Thomas Rowlandson (British 1756-1827)
Dr. Syntax loses his hat and wig in the wind by the sea
Signed or inscribed l.r., pen and grey ink and wash over traces of pencil
13 x 19.7 cm
A drawing, Dr. Syntax alarmed by a whale, which shows Dr. Syntax losing his hat and wig to the wind, as in the present drawing, is in the collection of the Yale Center for British Art, New Haven, Paul Mellon Collection (see John Baskett and Dudley Snelgrove, The Drawings of Thomas Rowlandson in the Paul Mellon Collection, 1977, no. 321 ill.)
by Samuel Alken as the fourth of four images relating to dining published as a single sheet with the title ‘Different Sensations’ (with subtitles: Preparing for Supper; Waiting for Dinner, At Dinner and After Dinner), 22 October 1789; reissued in 1792 by S.W. Fores
Rowlandson drew portly diners and gouty gourmands throughout his career. This fine drawing can be dated to circa 1785-9 and shows a maid preparing the diner for his meal. I am grateful to Nick Knowles for his comments about the etching of this subject, notably his view that Rowlandson made the image for the etching in 1792 rather than Samuel Alken who issued the print.
This subject was aquatinted by Rowlandson and published by S. W. Fores in 1798, as plate 7 of Christopher Anstey’s The New Bath Guide or The Memoirs of the Blunderhead Family, 1766. There are numerous small differences between the present drawing (and the other three known versions of it) and the aquatint: notably the central structure with a tower is missing in the aquatint.
Another, smaller, version of this composition, measuring 18 x 18.1 cm, is in the Yale Center for British Art, New Haven, Paul Mellon Collection (see John Baskett and Dudley Snelgrove, The Drawings of Thomas Rowlandson in the Paul Mellon Collection, 1977, no. 299 ill.). Another version can be found in the William A. Farnsworth Library and Art Museum, Rockland, Maine.
Bath was the most fashionable spa in England in the late eighteenth century, with several public and private baths. The King’s Bath, named after Henry II and built on the foundations of the old Roman reservoir enclosing the hot spring, was a rich source of public amusement. From 6 to 9 o’clock in the morning bathing took place, when fully dressed patients waded through the hot water. The spectacle is wittily described by Lydia Melford in Tobias Smollett’s Expedition of Humphrey Clinker, I, 77, for which Rowlandson made ten illustrations in 1793:
‘Right under the Pump-room windows is the King’s Bath; a huge cistern, where you see patients go up to their necks in hot water. The ladies wear jackets and petticoats of brown linen with chip hats, in which they fix their hankerchifs [sic] to wipe the sweat from their faces; but, truly, whether it is owing to the steam that surrounds them, or the heat of the water; or the nature of the dress, or to all these causes together, they look so flushed, and so frightful, that I always turn my eyes another way. ’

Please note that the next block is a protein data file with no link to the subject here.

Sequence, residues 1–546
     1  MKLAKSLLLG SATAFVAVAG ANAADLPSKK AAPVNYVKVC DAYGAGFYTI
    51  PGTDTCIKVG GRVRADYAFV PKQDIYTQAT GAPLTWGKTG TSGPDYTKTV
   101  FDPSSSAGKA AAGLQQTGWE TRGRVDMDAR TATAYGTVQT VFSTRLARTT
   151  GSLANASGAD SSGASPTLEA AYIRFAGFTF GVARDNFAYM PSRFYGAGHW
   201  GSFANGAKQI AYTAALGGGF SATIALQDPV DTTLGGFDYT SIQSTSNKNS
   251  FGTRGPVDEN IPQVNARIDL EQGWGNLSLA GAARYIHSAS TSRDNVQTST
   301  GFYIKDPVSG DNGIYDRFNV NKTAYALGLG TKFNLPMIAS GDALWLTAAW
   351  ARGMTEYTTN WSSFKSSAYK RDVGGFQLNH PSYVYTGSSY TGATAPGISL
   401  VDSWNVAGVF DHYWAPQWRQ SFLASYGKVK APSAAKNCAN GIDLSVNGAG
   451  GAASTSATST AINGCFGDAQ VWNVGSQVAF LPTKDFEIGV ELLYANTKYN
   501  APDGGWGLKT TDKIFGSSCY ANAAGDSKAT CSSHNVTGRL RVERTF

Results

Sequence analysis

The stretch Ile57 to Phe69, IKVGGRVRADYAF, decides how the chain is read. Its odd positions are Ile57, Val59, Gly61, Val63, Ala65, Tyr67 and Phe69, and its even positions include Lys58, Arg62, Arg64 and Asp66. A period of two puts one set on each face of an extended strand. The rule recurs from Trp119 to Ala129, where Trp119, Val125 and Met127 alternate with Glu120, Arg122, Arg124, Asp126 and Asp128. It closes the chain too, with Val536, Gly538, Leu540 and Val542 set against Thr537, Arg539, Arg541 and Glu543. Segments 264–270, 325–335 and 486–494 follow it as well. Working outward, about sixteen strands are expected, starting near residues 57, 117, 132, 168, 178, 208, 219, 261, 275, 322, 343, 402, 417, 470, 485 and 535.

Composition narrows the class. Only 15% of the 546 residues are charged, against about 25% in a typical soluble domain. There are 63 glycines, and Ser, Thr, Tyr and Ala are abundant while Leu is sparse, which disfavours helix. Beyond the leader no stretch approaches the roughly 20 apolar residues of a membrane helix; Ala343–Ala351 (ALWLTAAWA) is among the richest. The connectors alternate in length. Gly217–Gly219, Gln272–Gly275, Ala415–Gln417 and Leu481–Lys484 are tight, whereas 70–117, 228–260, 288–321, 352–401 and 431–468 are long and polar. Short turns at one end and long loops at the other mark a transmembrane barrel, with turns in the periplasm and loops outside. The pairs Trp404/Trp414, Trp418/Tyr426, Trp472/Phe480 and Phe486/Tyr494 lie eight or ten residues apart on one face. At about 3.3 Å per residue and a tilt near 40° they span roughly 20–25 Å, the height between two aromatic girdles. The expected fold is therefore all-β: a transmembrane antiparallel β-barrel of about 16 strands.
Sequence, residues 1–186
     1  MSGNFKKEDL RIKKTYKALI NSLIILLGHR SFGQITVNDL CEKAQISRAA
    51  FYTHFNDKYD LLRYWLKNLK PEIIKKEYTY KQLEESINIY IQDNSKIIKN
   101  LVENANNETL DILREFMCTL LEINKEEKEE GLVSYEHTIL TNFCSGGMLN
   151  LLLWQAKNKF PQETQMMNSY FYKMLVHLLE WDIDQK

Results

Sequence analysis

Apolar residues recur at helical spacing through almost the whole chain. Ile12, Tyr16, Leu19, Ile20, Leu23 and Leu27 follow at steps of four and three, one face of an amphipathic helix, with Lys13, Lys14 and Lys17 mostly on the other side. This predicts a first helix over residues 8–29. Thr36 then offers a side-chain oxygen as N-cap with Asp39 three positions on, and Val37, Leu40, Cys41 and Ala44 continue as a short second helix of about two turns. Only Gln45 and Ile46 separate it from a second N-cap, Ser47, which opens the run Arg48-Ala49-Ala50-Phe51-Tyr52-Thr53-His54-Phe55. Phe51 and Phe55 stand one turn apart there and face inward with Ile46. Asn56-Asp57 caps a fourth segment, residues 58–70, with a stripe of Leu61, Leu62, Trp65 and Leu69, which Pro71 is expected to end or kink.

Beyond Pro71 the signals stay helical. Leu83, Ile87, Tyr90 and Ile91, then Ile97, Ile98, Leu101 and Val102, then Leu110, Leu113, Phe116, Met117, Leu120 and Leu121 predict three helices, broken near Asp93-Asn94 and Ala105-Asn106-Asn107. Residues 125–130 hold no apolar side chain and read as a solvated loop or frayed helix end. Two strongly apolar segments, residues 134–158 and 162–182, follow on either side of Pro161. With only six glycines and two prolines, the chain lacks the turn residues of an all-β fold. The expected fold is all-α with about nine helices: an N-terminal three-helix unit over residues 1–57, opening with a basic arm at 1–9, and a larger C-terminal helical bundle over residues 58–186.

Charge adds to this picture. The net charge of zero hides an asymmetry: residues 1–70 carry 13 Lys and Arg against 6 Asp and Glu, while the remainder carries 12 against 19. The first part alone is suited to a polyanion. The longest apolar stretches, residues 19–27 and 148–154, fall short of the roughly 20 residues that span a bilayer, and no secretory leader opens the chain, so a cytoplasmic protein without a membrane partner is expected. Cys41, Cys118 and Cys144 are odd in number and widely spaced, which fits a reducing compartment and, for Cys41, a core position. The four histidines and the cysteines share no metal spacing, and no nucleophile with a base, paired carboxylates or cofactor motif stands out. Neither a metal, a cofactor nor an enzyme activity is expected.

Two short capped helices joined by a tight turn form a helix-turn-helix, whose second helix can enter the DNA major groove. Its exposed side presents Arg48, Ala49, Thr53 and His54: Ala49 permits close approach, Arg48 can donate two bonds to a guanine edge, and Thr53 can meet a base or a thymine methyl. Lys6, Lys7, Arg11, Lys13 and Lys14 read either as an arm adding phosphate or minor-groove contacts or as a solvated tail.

Provenance: Chris Beetles Gallery; Private collection UK until 2017
French prisoners under escort to Exeter Castle for forfeiting their parole
With signature and date l.r.: Rowlandson 1799, inscribed l.l.: FRENCH PRISONERS under
escort to EXETER CASTLE for forfeiting their parole, pen and ink and watercolour over pencil
26.5 x 40.5 cm; 10½ x 16 inches
Christie’s, London, 7 April 1998, lot
There is another drawing of French prisoners on parole at Bodmin in 1795, in the collection of the Yale Center for British Art, New Haven, Paul Mellon Collection (B1975.3.145). During the wars which followed the French Revolution, French prisoners were a not unusual sight on the streets of England, and in the present drawing they were presumably being marched to the gaol inside the castle. Another, undated, view of the South Gate, Exeter, is also at Yale (B1975.4.703). Rowlandson seems to have used artistic licence with the architecture, which does not appear to be strictly accurate.
Rowlandson worked extensively in the West Country, where he made annual tours. He usually stayed with his friend Matthew Michell, who had an estate at Hengar near Bodmin in Cornwall, where the artist would base himself.
In 1068, William the Conqueror selected Rougemont as the site of a larger and more strongly fortified castle than had existed before at Exeter. Baldwin de Moles, or de Brionus, the husband of the king’s niece Albreda, oversaw the castle’s construction and became hereditary sheriff of Devonshire. His son Richard died without issue, and the castle was granted to Richard de Redvers, who was created Earl of Devon by Henry I.
In 1232, Exeter Castle was seized by Henry III, who gave it to his younger brother, Richard, Earl of Cornwall. It remained mainly in the possession of the Earls of Cornwall, and in 1337, when Edward, the eldest son of King Edward III, was created Duke of Cornwall, the castle became part of the Duchy of Cornwall.
After its surrender to General Fairfax in 1646 during the Civil War, the castle ceased to be a military fortress. Within the ancient walls, much of the original structure of the Devon County Court was erected in 1774, but it has undergone frequent alterations and some enlargements.